THE LIBERTY OR HUNDRED OF
CONTAINING THE PARISHES OF
ARRETON||NEWCHURCH (fn. 1) ||WHIPPINGHAM|
|BRADING (fn. 2) ||ST. LAWRENCE||YAVERLAND (fn. 3) |
The natural division of the Isle of Wight into the hundreds of East
and West Medine is of early origin, certainly dating from early in the
13th century, (fn. 4) though in the Domesday Survey practically the whole Island,
and certainly all that part now contained
in East Medine Liberty, was included
in Bowcombe Hundred. (fn. 5) This point
is treated more fully under West Medine,
in which Newport, the capital of the
Island, is situated. The boundaries and
extent of East Medine have practically remained unaltered since the 13th century.
Index Map to the Liberty of East Medine.
The hundred belonged to the lords
of the Island, (fn. 6) who claimed in it the
same privileges as in the hundred of
West Medine. (fn. 7) The hundred court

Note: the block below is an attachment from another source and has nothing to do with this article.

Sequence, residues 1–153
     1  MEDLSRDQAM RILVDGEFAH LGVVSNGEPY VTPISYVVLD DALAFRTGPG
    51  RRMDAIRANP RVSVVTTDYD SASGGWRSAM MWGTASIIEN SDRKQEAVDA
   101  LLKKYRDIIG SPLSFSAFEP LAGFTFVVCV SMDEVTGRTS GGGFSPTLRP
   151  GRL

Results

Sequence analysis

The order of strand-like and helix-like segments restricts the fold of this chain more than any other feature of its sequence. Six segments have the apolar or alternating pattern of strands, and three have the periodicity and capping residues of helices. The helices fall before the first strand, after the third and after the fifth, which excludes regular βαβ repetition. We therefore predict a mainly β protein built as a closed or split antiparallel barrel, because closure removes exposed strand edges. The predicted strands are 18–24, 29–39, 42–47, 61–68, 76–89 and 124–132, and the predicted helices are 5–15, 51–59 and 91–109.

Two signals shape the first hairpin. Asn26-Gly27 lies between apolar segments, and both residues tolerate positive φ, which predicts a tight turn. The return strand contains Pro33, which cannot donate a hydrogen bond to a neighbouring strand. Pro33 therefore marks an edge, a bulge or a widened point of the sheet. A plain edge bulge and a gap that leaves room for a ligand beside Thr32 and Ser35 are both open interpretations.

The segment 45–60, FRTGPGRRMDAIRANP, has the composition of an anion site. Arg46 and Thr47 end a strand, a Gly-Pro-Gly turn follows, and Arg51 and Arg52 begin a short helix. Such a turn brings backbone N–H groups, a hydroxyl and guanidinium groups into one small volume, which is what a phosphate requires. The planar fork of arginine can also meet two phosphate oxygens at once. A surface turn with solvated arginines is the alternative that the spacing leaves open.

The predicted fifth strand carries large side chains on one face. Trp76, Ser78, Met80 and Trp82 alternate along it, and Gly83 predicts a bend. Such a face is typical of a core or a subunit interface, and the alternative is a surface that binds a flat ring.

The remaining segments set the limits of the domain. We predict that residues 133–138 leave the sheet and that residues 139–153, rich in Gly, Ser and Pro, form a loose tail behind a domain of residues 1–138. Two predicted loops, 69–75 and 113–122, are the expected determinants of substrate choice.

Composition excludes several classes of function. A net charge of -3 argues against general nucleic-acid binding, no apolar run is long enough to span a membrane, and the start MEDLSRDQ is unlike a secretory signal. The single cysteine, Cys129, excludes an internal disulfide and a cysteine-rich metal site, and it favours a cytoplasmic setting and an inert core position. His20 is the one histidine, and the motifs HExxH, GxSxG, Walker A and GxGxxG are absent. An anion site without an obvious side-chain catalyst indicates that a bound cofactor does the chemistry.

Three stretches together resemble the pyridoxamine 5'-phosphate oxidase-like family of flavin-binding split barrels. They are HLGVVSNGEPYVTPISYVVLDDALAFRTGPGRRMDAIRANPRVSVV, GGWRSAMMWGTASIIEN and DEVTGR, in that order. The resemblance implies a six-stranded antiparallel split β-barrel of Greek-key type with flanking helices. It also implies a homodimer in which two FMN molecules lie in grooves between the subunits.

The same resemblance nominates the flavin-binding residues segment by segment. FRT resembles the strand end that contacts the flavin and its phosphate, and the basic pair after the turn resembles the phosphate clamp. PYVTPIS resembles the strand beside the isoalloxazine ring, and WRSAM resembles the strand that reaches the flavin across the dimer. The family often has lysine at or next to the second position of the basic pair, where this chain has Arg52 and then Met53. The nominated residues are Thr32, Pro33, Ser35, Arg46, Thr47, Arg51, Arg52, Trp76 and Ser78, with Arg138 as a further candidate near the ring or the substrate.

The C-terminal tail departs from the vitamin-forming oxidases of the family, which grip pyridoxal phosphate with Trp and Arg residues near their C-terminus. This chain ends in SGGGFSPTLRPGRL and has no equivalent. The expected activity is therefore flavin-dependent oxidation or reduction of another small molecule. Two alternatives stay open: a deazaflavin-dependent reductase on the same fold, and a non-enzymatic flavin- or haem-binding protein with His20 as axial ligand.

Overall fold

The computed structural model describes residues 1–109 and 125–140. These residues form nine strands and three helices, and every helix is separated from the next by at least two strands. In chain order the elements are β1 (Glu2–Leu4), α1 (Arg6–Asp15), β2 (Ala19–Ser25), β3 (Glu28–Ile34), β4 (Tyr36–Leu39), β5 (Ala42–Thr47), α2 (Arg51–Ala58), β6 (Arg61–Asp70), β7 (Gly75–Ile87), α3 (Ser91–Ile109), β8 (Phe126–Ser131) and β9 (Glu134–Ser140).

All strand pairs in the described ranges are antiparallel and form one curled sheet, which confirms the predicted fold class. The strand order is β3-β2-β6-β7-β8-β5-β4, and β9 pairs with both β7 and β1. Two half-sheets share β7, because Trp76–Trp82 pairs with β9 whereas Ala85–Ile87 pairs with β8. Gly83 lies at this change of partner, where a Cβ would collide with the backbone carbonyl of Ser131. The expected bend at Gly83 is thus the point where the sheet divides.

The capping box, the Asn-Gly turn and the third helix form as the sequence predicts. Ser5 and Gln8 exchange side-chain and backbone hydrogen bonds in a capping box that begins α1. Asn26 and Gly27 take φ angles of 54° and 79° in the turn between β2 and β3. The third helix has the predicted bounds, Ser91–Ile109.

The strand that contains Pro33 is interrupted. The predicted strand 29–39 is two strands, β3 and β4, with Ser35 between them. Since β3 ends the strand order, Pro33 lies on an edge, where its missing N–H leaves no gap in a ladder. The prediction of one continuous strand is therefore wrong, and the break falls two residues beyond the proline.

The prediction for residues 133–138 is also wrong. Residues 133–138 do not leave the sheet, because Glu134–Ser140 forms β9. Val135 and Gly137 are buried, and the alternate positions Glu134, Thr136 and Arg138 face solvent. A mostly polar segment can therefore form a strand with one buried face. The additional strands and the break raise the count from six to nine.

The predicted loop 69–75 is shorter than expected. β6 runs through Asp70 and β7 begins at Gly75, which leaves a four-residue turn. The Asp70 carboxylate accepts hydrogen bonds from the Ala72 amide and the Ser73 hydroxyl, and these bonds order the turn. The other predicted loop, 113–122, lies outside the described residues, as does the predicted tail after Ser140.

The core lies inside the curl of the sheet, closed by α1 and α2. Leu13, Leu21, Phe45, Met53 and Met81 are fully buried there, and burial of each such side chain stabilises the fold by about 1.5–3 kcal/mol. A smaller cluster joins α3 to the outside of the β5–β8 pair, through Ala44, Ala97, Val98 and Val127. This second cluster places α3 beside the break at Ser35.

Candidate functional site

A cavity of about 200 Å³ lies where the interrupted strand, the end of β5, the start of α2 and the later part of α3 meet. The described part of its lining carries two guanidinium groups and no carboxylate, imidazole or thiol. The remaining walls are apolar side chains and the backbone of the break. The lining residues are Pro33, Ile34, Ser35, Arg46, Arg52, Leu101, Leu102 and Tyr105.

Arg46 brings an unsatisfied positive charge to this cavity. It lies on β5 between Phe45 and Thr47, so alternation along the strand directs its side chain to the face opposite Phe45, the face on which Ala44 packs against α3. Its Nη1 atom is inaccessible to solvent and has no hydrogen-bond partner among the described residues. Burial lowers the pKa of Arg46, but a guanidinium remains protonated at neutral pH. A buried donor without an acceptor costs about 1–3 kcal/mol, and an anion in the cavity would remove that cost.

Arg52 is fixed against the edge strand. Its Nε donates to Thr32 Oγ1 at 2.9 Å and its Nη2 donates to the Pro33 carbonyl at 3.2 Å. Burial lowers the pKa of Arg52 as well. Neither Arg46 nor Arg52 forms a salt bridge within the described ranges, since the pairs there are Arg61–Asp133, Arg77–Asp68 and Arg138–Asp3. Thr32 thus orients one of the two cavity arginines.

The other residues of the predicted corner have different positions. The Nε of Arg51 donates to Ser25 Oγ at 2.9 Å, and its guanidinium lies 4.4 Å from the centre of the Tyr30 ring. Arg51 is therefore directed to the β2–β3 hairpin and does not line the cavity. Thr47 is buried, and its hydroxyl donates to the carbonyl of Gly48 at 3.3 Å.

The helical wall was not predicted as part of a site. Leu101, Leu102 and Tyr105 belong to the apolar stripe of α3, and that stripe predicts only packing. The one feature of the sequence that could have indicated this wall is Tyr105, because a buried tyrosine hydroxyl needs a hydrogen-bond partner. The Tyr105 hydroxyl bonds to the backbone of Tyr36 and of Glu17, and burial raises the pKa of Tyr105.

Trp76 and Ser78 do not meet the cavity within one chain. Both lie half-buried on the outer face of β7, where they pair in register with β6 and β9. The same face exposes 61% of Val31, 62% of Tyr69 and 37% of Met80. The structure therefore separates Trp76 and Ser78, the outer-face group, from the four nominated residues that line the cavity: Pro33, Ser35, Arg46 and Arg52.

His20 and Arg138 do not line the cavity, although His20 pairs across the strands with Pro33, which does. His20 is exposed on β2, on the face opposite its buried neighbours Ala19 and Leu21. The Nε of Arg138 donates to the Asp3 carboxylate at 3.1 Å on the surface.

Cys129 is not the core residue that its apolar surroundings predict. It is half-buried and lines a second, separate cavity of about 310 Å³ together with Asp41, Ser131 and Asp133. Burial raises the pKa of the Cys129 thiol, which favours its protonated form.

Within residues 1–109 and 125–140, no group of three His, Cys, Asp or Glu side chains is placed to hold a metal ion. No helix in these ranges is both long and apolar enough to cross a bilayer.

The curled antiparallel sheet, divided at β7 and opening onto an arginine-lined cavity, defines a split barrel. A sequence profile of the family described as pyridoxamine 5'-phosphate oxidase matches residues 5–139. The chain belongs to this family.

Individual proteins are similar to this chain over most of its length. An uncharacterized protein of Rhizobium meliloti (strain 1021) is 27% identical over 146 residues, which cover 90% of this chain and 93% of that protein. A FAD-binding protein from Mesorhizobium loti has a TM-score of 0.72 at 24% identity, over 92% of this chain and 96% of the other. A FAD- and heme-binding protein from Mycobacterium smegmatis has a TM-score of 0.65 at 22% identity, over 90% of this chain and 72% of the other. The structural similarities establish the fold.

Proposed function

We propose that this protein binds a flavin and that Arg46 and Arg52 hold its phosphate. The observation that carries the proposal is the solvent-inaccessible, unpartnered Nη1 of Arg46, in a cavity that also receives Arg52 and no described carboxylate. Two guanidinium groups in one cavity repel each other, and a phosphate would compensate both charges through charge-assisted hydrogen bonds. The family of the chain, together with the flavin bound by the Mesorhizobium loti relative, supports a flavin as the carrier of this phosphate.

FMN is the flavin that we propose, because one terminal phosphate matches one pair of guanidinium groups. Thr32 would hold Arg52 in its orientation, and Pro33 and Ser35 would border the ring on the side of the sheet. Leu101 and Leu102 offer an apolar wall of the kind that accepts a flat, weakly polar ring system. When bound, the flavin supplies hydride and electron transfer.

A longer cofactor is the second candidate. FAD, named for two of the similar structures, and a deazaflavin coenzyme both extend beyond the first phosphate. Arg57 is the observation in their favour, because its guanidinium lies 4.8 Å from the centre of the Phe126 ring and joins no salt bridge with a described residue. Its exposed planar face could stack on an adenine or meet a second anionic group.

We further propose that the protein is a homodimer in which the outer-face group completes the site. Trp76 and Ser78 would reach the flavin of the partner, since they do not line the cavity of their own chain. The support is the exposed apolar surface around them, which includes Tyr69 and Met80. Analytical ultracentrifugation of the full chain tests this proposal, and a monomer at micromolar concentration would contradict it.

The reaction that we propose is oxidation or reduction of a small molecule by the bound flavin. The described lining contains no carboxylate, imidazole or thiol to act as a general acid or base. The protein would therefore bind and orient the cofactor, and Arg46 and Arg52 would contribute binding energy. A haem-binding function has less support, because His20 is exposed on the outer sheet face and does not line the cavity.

was held at 'Estmed le Hate,' (fn. 8) which
Sir John Oglander locates as 'the Hatt
of trees on the East end of Stanum
down nere the parke gate going into
Arreton grounds from the down, but
now all the trees are gonne.' (fn. 9) By the
entries in the court rolls for April 1605 it appears that the hundred of
East Medine contained the tithings of Hardley, (fn. 10) Yaverland, St. Helens,
Kerne, Sandown, Shanklin, Wroxall, Week, Stenbury, Niton, Nettlecombe,
Whitwell, Rowde, Rookley, Knighton, Arreton, East Standen, Fairlee,
Whippingham, West Standen and Wootton.
||Containing the modern parishes of Bembridge and Sandown.
||Containing the modern parishes of Ashey, Ryde, Wroxall and Ventnor.
||This list represents the extent of the hundred in 1831.
||See account of West Medine Hundred.
V.C.H. Hants, i, 517–26. See under West Medine.
||Assize R. 787, m. 89; Feud. Aids, ii, 321; Chan. Inq. p.m. 47 Hen. III, no. 32; 10 Hen. VI,
||Worsley MS. R. B. 2
||Ct. R. (P.R.O.), portf. 202, no. 12.
||Oglander MSS. at Nunwell (I.W.).